To say that The Bosphorus Brewing Company fills a massive dining gap in Istanbul is like saying that an active case of leprosy is going to get you turned down on a first date. Having an English-style pub on the scene caused ripples of excitement in the ex-pat community that haven’t been seen since Dubb Indian Restaurant showed up back in the early noughties. Just as we can all recount where we were when the Twin Towers fell, every ex-patter in Istanbul will recount their whereabouts when The BBC first opened its doors to sounds of angels playing double guitars with the wha wha peddle on.
It is THAT important.
Various members of the Istanbulletin have visited The BBC. The decision to go twice before a review would appear on the blog was taken at executive level because of a fear that the sheer giddiness of having access to pub food and micro brewed beer would skew the review so badly that it might not be objectively scientific. We strive.
In broad terms, The BBC is the brew pub equivalent of a young Wayne Rooney. The importance, vision and genius are all there. You know he is going to loom large in the discourse of the field for a long time to come. But there is also this sense of rawness, a puppy-like exuberance which will need to be tamed before true legendary status can be deigned by Allah’s beneficent and totally blinged right hand.
The beers are reasonably priced considering what they are. Brewed both on site and in what I assume is a laboratory slash warehouse, they have pilseners, ales and lagers. A stout was being promised, and may be on tap by now. When we were there within the first week of opening, and there was a variability in the beers which will be ironed out in time but for now might they feel a little experimental. The Turkish palette for beers is generally pretty conservative, and hopefully this won’t pressure the BBC’s brewmeister into narrowing the range, which is an especial risk if foreigners don’t embrace the more esoteric of the brews. My favourite was their Pale Ale, which had that flatness you want in an ale as well as the murky mystery.
Like the beers, the potential on the food menu is screamingly obvious. Pub grub is all about a few quality ingredients coming together. Fish and chips, bangers and mash, Sunday roasts…there should be a rule that pub dish titles can only consist of two words (and an optional conjunction). They do simple well at the BBC and are delicate in how they substitute local products for the ones more readily available in Britain. One of the helpful waiters informed us that they brought sausages in from overseas and took them to a food science lab so they could best simulate the taste. Accordingly, they are on the delicious end of the taste spectrum, especially when smothered in their caramel coloured gravy.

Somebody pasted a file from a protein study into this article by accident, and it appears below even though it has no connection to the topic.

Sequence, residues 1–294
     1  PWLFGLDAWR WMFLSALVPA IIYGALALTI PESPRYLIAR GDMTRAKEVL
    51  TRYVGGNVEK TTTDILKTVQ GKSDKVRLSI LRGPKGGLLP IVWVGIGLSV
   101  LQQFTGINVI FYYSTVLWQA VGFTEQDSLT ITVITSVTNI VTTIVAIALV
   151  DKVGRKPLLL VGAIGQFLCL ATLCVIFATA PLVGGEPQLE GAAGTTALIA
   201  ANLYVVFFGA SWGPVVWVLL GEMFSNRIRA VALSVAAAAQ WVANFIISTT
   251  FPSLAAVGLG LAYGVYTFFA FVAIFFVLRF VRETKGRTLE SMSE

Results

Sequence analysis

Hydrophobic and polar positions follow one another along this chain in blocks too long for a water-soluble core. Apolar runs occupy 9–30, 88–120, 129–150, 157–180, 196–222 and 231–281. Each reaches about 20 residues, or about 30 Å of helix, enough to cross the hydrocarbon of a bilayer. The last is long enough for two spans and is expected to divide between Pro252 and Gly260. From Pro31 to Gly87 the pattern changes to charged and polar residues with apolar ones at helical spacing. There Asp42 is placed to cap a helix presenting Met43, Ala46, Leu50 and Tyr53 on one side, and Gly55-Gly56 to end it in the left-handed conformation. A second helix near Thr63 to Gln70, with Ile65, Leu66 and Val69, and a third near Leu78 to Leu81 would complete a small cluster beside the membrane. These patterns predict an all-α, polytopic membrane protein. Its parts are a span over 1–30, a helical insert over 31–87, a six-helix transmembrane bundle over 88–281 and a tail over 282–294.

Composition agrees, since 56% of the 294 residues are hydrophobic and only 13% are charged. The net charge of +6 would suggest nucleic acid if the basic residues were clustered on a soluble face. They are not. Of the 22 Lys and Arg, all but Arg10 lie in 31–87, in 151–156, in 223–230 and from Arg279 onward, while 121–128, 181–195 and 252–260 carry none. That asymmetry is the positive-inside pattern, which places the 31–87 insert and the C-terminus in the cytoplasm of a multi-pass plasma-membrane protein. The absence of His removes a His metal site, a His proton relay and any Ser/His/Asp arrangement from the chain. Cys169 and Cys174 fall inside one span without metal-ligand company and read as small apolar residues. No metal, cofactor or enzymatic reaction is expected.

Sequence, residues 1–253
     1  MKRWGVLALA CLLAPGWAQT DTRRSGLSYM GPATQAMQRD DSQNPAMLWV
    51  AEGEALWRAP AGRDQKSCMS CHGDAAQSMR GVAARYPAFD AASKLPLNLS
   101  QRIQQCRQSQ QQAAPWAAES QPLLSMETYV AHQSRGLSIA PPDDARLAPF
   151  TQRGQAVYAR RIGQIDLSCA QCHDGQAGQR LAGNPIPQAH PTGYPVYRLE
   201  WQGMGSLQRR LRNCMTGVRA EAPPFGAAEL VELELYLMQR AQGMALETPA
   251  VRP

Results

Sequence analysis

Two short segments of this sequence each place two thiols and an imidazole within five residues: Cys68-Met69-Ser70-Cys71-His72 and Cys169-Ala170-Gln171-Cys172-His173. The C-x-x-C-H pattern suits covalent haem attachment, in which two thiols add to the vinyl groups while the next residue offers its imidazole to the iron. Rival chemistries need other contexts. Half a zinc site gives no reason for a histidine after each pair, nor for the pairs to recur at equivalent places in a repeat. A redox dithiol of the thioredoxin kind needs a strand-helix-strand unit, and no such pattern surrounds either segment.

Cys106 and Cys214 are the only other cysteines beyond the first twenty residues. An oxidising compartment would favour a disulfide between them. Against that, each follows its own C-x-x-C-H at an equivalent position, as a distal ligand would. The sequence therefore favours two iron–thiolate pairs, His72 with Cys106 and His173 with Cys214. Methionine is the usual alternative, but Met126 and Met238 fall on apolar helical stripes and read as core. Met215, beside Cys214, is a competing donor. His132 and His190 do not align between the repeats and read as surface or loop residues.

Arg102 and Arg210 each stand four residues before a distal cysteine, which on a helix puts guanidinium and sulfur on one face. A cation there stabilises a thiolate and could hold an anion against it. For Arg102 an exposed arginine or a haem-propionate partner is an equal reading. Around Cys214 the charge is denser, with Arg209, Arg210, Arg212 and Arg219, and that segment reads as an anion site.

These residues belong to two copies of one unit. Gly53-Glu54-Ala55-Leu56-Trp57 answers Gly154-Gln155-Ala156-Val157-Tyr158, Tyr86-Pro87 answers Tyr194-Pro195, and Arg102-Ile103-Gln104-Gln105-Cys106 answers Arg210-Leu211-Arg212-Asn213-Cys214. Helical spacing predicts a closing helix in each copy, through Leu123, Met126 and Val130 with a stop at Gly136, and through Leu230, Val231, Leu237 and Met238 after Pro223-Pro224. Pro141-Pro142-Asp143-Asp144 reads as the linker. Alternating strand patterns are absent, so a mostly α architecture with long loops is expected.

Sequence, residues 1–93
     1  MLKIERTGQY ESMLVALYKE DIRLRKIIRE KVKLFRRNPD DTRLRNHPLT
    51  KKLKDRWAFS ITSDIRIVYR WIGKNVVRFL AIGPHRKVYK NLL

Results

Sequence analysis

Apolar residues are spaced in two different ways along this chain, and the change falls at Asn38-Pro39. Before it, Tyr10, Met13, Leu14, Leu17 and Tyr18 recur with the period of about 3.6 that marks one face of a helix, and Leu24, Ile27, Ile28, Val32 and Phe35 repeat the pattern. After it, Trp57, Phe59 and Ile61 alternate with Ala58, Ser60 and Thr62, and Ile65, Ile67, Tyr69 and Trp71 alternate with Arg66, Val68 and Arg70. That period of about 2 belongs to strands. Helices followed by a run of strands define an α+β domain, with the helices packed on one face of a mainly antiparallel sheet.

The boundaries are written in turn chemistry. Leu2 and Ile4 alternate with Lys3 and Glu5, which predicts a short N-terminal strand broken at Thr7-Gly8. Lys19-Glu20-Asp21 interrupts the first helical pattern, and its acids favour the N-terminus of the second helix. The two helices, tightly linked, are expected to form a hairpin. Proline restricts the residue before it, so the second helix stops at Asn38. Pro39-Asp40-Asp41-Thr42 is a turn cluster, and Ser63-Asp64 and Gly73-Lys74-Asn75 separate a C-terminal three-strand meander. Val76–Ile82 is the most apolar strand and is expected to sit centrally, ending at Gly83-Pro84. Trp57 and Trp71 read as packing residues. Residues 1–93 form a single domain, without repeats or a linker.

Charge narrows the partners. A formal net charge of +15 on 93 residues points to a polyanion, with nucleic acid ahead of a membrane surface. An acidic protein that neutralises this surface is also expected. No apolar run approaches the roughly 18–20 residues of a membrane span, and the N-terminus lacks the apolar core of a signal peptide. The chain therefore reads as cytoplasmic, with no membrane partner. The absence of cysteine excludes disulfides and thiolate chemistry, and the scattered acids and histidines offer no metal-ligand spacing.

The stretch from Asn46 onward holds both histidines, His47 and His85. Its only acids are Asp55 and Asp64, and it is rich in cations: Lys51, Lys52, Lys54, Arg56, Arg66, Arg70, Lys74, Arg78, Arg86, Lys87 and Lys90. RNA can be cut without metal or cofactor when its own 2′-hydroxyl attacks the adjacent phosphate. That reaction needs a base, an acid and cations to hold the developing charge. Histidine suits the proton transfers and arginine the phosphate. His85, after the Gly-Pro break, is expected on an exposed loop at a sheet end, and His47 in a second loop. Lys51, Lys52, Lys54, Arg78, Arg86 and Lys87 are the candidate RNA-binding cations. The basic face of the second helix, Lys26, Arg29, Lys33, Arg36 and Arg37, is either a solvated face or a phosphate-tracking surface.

The Sunday Roast is so large that two plates are required in the serving, which sets it apart as an event meal. The beef is succulent, a good test of the kitchen as roast beef often comes out the consistency of a bundle of A3 paper that has been rained on and the left in the sun to dry. When I make it. Once.
The atmosphere is buzzy and cool. The owners were smart and opted not to make it into a themed bar, so thankfully you won’t have to sully your night with antique chamber pots hanging from the ceiling or photographs of long dead moutaschioed tossers wearing top hats who were probably on their way out to shoot the local native population while complaining that he couldn’t get a decent cup of tea and it was dastardly hot. Still, there is enough dark wood in the place to make it homey and cozy in winter.
Returning to the rawness of the experience, there are a couple of areas that need to be addressed. The bathrooms are limited to one per gender, so even on a quietish night there can be a line for the ladies’. Given this is a beer establishment, not having enough room to drain the python is a bit of a pain. And while the service is super kind and friendly, they lack a little smoothness and dexterity which means there can be clunky timings between courses.
The BBC is right on top of its short-comings and have a feedback sheet attached to the placemats. When you get there, fill one in to help them help you. I did, and my thesis was pork-related. If there is one venue that needs a pork dish, it is BBC.
In summary, The Bosphorus Brewing Company is something we all have an interest in investing in. There should be active support for this business coming out of the international community. We give money to all sorts of do-gooding NGOs…screw the pandas. There are like 50 of them in the wild. How many brew pubs are there in Istanbul?
I give it four spotted dicks out of five.